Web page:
The same repudiation of status-based stereotypes compelled by the Supreme Court's First Amendment jurisprudence is demanded by the LAD. See ante at (slip op. at 79-82) (observing that "[t]he invocation of stereotypes to justify discrimination is all too familiar," and that LAD is intended to "eliminate the destructive consequences of discrimination from our society"). The Appellate Division soundly observed that by amending the LAD in 1991 to protect persons from discrimination based on "affectional or sexual orientation," the Legislature "implicit[ly] recogni[zed] that discrimination based on `archaic' and `stereotypical notions' about homosexuals that bears no relationship to reality cannot be countenanced." Ante at (slip op. at 82-83) (quoting 308 N.J. Super. at 549). Accordingly, we emphatically reject the use of stereotypical assumptions about homosexuals as justification for discrimination based on "affectional or sexual orientation." Id. at (slip op. at 83-84).
One particular stereotype that we renounce today is that homosexuals are inherently immoral. That myth is repudiated by decades of social science data that convincingly establish that being homosexual does not, in itself, derogate from one's ability to participate in and contribute responsibly and positively to society. See Gregory M. Herek, Myths About Sexual Orientation: A Lawyer's Guide to Social Science Research 1 L. & Sexuality 133, 134 (1991) (presenting "considerable body of social science data" that counter "longstanding cultural myths and stereotypes that depict lesbians and gay men as immoral, criminal, sick, and drastically different from what most members of society would consider `normal'"). Like stereotypes about an individual based on sex or race, similar assumptions about a lesbian or gay man are false and unfounded, and reveal nothing about that individual's moral character, or any other aspect of his or her personality:
"A homosexual orientation tells nothing reliable about abilities or commitments in work, religion, politics, personal and social relationships, or social activities, except to the extent that in many areas the lives of gay people are frequently conditioned by the attitudes of others." [Gay Rights Coalition v. Georgetown Univ., 536 A.2d 1, 37 (D.C. App. 1987) (citations omitted).]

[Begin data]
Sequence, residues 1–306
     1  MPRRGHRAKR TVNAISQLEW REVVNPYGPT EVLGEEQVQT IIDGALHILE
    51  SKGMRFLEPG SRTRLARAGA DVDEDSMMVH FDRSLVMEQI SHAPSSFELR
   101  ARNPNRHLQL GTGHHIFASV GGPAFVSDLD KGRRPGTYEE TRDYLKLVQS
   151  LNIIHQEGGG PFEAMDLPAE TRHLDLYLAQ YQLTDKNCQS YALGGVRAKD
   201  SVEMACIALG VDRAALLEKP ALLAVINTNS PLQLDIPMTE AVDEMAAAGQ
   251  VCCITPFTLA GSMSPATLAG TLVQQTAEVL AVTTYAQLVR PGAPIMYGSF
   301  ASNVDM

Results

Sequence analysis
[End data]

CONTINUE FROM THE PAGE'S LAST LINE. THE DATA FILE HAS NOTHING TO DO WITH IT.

In short, a lesbian or gay person, merely because he or she is a homosexual, is no more or less likely to be moral than a person who is a heterosexual. Accordingly, as the Appellate Division recognized below, there is no reason to view "a gay scoutmaster, solely because he is a homosexual, [as lacking the] strength of character necessary to properly care for [and] impart BSA humanitarian ideals to the young boys in his charge." 308 N.J. Super. at 552. "Plaintiff's exemplary journey through the BSA ranks is testament enough that these stereotypical notions about homosexuals must be rejected." Ibid.
The Appellate Division also observed that another particularly pernicious stereotype about homosexuals is implicit in Boy Scouts' arguments: "the sinister and unspoken fear that gay scout leaders will somehow cause physical or emotional injury to scouts." Id. at 551. The myth that a homosexual male is more likely than a heterosexual male to molest children has been demolished. See Carole Jenny et al., Are Children at Risk for Sexual Abuse by Homosexuals?, 94 Pediatrics 41 (1994) (concluding that most child abuse appears to be committed by situational child abusers who present themselves as heterosexuals); A. Nicholas Groth & H. Jean Birnbaum, Adult Sexual Orientation and Attraction to Underage Persons, 7 Archives Sexual Behav. 175, 180-81 (1978) (concluding that "[h]omosexuality and homosexual pedophilia are not synonymous. . . . [and] that the adult heterosexual male constitutes a greater sexual risk to underage children than does the adult homosexual male"); see also Herek, supra, 1 L. & Sexuality at 152-56 (citing studies and concluding that "[i]t appears from these studies that gay men are no more likely than heterosexual men to molest children"); David Newton, Homosexual Behavior and Child Molestation: A Review of the Evidence, 13 Adolescence 29 (1978) (surveying data concerning male homosexuality and child molestation and concluding that "there is no reason to believe that anything other than a random connection exists between homosexual behavior and child molestation").